Pros and Cons of Business Credit Cards
Imagine your business in five years, where do you want to be and what do you want to see your company become? Whatever your vision, having financing will turn your hopes into reality. Getting a business credit card can be a great option, but before you commit, you’ll want to know the benefits and disadvantages so you can choose whether it’s the best path for you and the business you’re growing.
Consumer vs. Business
Individuals use consumer credit cards to access revolving lines of credit. In order to keep your business and personal expenses separate, though, you’ll want to access a business card. Like consumer cards, small business credit cards allow you to make purchases and charge interest when the balance is not paid each billing cycle. Depending on the size of your company, you may be able to get a credit card through your bank, credit union, or by applying online.
There are many benefits to using a small business credit card. From taking out a cash advance to making a balance transfer, credit cards offer a lot of flexibility for how your business handles expenses, and can really help keep a business afloat. Utilizing employee cards can help you keep a handle on employee expenses, and having all your business expenses reported in one place makes financial record keeping easier.
Business Credit Card Pros
Now let’s take a look at some pros of getting a business credit card. Here are five to consider:
- Helps Build Credit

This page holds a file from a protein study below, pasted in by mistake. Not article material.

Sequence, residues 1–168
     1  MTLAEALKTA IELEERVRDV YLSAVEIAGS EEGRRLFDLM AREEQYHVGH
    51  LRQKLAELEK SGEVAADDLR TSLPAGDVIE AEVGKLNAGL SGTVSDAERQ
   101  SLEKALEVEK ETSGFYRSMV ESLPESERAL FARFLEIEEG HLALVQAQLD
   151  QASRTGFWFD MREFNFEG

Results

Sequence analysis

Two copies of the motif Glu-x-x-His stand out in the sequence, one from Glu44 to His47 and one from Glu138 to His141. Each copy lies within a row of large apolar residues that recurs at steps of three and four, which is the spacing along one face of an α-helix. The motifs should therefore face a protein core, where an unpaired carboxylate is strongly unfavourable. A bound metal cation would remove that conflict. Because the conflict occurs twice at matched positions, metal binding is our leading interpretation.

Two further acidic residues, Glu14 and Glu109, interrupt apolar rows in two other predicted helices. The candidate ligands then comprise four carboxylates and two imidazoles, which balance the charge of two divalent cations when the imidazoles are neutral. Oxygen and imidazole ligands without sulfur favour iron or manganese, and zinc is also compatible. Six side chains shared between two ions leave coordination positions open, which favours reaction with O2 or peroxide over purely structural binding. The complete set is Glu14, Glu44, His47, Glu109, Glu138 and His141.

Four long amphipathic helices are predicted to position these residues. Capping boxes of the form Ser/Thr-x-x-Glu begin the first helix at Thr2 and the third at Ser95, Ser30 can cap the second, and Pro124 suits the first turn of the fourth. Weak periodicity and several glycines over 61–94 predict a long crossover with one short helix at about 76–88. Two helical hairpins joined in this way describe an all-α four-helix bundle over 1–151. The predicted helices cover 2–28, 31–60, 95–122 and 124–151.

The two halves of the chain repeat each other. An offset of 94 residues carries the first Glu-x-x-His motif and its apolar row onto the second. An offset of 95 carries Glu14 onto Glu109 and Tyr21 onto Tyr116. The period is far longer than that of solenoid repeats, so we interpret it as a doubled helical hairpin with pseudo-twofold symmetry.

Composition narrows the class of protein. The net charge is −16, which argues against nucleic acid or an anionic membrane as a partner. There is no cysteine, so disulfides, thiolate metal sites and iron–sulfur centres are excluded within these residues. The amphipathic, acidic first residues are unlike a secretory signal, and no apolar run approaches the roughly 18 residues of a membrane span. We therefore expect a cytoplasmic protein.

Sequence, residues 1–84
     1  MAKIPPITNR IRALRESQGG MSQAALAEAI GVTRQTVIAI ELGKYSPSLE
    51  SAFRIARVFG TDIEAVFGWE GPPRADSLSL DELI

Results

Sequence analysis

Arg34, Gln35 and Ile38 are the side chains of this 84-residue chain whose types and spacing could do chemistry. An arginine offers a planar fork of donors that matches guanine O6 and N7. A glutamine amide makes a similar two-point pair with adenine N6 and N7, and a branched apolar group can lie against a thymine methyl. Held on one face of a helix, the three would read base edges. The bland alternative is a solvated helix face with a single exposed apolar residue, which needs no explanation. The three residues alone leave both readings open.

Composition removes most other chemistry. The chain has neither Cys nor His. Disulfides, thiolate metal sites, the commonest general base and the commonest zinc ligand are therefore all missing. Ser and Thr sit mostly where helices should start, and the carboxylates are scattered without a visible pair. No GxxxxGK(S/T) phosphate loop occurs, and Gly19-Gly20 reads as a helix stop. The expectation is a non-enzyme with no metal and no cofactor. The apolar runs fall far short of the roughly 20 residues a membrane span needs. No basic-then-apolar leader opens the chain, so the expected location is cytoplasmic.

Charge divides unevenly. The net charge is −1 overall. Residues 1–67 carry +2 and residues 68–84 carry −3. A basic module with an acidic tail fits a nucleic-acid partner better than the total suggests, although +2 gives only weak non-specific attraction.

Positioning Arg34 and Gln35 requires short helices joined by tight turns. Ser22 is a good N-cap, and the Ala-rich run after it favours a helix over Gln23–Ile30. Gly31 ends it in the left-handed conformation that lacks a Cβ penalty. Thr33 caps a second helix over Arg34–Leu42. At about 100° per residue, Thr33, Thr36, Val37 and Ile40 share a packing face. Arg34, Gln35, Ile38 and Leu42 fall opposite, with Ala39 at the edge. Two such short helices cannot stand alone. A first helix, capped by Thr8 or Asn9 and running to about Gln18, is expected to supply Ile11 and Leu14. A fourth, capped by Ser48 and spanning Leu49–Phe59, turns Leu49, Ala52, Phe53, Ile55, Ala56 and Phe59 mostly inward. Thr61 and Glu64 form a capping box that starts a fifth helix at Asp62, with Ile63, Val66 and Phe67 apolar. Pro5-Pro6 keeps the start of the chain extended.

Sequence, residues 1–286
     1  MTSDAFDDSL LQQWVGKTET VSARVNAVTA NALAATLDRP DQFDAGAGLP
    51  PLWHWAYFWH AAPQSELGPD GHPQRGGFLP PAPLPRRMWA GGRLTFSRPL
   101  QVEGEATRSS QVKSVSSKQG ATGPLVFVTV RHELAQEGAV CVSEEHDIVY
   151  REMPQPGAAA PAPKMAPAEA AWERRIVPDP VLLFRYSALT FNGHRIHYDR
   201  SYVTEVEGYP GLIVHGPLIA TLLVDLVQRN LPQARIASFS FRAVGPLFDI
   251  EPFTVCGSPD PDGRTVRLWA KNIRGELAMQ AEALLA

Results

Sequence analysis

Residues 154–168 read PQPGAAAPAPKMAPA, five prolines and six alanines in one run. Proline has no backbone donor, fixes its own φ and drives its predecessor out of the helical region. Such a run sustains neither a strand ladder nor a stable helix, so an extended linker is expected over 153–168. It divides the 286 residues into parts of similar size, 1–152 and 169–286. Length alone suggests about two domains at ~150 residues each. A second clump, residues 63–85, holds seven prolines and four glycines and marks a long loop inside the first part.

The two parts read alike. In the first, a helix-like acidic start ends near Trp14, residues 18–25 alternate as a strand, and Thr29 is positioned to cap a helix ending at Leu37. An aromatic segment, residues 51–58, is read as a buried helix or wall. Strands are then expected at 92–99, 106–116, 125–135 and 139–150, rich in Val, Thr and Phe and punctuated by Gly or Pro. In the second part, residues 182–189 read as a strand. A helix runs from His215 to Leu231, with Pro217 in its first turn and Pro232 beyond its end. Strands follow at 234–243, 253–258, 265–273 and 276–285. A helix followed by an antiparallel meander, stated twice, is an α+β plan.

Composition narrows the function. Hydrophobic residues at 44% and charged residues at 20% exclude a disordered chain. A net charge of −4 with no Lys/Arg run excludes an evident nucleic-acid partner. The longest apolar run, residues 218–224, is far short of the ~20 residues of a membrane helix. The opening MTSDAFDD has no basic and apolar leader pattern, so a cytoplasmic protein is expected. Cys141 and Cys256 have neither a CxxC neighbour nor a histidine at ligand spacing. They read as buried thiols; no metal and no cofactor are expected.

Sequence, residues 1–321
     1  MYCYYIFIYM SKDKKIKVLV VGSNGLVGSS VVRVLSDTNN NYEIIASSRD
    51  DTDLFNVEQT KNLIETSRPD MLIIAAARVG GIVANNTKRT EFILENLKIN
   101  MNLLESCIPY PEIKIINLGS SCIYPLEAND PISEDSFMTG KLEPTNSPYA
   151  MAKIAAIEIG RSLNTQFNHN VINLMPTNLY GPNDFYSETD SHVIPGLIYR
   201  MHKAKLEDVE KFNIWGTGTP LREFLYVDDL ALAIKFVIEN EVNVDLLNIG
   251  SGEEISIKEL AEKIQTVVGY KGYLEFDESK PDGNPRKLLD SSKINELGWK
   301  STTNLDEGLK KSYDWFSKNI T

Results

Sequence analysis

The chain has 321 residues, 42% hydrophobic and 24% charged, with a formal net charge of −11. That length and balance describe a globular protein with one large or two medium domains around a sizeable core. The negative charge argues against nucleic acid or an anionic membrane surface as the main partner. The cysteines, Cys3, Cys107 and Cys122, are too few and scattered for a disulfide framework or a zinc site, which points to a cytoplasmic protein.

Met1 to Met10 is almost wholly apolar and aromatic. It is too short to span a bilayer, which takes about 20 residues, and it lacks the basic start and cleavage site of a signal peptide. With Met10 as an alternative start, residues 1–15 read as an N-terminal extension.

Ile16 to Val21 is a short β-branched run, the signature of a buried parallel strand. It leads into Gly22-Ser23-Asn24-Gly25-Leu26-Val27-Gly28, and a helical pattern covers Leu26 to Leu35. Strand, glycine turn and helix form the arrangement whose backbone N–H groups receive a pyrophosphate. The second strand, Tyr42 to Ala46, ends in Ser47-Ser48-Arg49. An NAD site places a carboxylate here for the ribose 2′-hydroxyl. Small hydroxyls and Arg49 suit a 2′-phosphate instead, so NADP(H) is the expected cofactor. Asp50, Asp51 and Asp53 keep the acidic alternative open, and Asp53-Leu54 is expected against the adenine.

When applying for your first business credit card, your personal credit score is used to decide whether you’re approved or denied. Once you open your first business credit card, you’re one step closer to building a solid business credit history, and the card’s history is not connected to your personal credit.
- Qualify for Business Loans
Having a business credit card strengthens your business credit history. Remember your vision of where your business would be in five years? Did your dream and vision include the ability to buy large purchases, like equipment or real estate? Business loans will get you there when the time comes. And the interest rate for a loan will be based on your business credit history, not your personal credit history.
- Separation of Personal and Business Expenses
The business bank account and business credit card work well together to help you create separation of personal and business transactions. Use your business credit card for all your business transactions, then pay your expenses with your business bank account. Doing this has a twofold advantage: while building a relationship with your bank, you also are also earning rewards and lowering business expenses, which leads us to our next pro…
- Lower Business Expenses
Do you spend a lot of money on office supplies, cellular phones, land lines, internet, and cable TV services for your business? Once you’ve established your credit and grown your business, these cards will help offset those expenses. Before applying for a business credit card, decide which rewards will benefit you the most, and research the the best business card for you and your business.
- Get Rewards